There is a certain amount of nostalgia for the former system, and also a quite dangerous desire on the part of some to cast God in the mould of an irascible tyrant bent on vengeance. But by and large people have become gentler in their approach to behaviour. But of course life has become more difficult as a result. It is no longer good enough to say 'Don't do that because God says it's wrong'.

Decisions about how to act are in consequence much greyer than they were, and individual choice is brought to bear far more. Added to that, society is far more pluralistic than it ever has been, and there is a lack of cohesion, caused, I imagine by the decline of community.

Civic values, and actions carried out at public expense for the common good, are in disrepute, and the consequence is fragmentation at all sorts of levels, as if there are no standards to apply except those that take account of individuals. What I want is the whole of morality.

But look at that passage from Romans again:

The commandments are summed up in this word, 'Love your neighbour as yourself.' Love does no wrong to a neighbour; therefore love is the fulfilling of the law.

That's not rampant individualism. It is a collectivised morality that recognises us as communal creatures, responsible for one another. But for Christians this is not simply a universal law imposed externally, or even one thought up so as to benefit as many people as possible. It is not only the command of Christ himself, but the consequence of his presence with us.We are impelled to love one another because Christ so much loves us. Not just me, you, but every person who has ever lived is loved by God and embraced by Jesus, God-made-man.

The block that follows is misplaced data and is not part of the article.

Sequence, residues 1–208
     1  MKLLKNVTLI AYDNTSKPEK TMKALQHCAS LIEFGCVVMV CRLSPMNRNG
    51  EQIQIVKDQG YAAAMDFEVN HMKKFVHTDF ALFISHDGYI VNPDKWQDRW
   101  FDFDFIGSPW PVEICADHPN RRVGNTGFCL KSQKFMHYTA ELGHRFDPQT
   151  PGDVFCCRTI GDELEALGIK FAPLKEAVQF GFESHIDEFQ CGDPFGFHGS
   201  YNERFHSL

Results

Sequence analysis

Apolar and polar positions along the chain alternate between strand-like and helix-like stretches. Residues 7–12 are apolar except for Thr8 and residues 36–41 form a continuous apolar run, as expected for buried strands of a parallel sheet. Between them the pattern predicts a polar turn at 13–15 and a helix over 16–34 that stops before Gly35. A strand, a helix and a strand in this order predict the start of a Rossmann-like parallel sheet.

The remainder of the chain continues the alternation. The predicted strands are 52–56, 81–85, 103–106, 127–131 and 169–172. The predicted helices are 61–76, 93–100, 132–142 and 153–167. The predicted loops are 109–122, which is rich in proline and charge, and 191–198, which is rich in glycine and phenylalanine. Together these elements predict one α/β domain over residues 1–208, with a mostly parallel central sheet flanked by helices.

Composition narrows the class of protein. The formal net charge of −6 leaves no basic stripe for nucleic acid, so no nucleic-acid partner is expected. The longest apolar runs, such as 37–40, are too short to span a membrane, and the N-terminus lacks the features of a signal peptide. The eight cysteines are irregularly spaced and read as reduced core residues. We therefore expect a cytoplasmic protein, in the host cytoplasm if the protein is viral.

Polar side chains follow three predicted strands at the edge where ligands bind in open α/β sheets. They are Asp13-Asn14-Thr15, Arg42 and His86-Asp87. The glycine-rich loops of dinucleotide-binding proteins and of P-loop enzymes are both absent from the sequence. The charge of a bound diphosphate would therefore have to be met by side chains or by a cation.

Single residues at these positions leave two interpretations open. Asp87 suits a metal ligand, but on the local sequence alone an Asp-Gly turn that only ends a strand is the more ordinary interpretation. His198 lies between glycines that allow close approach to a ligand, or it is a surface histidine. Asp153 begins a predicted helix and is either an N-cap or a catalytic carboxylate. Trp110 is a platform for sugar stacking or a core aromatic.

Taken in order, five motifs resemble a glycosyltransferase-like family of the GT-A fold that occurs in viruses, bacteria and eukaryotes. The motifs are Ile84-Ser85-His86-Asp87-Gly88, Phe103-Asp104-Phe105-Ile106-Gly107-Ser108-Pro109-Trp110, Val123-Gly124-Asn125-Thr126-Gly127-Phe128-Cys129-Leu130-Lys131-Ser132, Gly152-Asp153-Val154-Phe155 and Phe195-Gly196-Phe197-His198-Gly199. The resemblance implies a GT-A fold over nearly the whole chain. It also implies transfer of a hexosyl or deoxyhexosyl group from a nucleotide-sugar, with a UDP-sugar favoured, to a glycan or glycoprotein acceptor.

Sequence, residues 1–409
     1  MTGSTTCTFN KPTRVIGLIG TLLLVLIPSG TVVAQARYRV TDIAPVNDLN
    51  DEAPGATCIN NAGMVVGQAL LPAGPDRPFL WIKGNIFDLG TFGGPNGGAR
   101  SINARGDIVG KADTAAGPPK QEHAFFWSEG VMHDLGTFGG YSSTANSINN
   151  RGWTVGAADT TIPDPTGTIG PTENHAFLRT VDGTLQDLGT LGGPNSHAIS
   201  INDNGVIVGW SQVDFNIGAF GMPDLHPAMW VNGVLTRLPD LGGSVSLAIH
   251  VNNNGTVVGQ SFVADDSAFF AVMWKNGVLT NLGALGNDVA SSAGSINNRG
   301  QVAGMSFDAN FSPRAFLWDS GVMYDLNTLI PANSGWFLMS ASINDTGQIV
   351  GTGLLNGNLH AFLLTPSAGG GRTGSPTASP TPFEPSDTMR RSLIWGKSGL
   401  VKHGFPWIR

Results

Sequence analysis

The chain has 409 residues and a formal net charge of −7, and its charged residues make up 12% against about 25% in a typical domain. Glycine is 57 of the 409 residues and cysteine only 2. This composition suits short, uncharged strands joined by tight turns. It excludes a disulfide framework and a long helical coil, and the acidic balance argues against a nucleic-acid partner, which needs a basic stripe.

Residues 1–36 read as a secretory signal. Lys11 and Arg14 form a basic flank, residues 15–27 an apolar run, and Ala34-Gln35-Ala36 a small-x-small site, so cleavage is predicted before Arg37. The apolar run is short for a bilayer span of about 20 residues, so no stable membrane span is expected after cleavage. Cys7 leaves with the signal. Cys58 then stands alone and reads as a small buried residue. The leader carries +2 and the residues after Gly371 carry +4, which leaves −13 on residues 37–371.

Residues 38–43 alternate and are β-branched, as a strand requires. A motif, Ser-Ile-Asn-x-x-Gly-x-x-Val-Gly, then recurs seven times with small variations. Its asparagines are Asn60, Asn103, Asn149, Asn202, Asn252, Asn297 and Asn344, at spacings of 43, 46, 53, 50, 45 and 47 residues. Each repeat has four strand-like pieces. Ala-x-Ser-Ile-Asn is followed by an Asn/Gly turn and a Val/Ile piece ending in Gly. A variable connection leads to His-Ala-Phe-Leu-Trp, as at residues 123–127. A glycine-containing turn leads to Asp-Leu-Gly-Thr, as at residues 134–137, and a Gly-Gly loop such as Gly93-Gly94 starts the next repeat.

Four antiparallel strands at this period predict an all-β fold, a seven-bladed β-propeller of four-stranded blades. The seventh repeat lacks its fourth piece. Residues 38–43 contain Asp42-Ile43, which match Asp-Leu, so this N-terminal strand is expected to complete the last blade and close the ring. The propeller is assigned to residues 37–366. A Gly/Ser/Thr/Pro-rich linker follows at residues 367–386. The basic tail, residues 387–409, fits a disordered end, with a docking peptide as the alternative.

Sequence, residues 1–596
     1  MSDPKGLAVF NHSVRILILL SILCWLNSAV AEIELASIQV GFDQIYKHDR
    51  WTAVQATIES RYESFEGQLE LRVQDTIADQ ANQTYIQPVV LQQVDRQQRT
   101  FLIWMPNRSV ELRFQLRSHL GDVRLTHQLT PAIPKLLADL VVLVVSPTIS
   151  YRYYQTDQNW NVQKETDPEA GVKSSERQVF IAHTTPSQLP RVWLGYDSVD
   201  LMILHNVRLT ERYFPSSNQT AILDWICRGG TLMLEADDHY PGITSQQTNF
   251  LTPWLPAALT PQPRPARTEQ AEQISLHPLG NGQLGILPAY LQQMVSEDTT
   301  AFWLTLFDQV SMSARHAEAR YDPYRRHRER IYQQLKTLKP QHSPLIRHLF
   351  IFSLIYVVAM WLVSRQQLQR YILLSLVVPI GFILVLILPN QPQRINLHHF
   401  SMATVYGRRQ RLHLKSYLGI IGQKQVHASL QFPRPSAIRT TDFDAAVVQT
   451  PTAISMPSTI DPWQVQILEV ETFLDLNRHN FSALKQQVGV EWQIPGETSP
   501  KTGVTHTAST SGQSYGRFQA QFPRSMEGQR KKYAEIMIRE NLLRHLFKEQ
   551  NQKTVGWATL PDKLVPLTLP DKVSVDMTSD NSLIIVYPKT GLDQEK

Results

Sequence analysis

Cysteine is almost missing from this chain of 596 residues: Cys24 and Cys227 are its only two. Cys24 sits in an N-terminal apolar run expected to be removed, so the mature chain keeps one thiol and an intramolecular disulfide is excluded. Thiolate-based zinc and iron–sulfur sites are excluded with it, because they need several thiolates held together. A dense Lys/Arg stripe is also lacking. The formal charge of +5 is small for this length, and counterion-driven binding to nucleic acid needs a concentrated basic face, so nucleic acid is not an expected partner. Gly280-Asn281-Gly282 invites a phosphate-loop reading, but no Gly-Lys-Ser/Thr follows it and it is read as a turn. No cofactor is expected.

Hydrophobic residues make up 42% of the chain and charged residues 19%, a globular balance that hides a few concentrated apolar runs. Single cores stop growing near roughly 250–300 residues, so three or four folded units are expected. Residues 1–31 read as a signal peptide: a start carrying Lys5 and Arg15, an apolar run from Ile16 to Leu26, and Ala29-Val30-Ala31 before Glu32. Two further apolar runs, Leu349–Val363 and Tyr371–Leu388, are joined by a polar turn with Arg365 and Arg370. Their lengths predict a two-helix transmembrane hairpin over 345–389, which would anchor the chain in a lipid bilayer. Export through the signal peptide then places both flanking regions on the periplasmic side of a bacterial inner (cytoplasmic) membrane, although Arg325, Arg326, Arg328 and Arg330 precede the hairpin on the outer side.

Love your neighbour as yourself because God in Jesus first loved you. You, with all your faults, all your dysfunctional behaviour, are a child of God and loved by God. Therefore build community, love one another so that God's abiding love may be seen in the world.So that it may be manifest everywhere, but especially, signally, in the Church.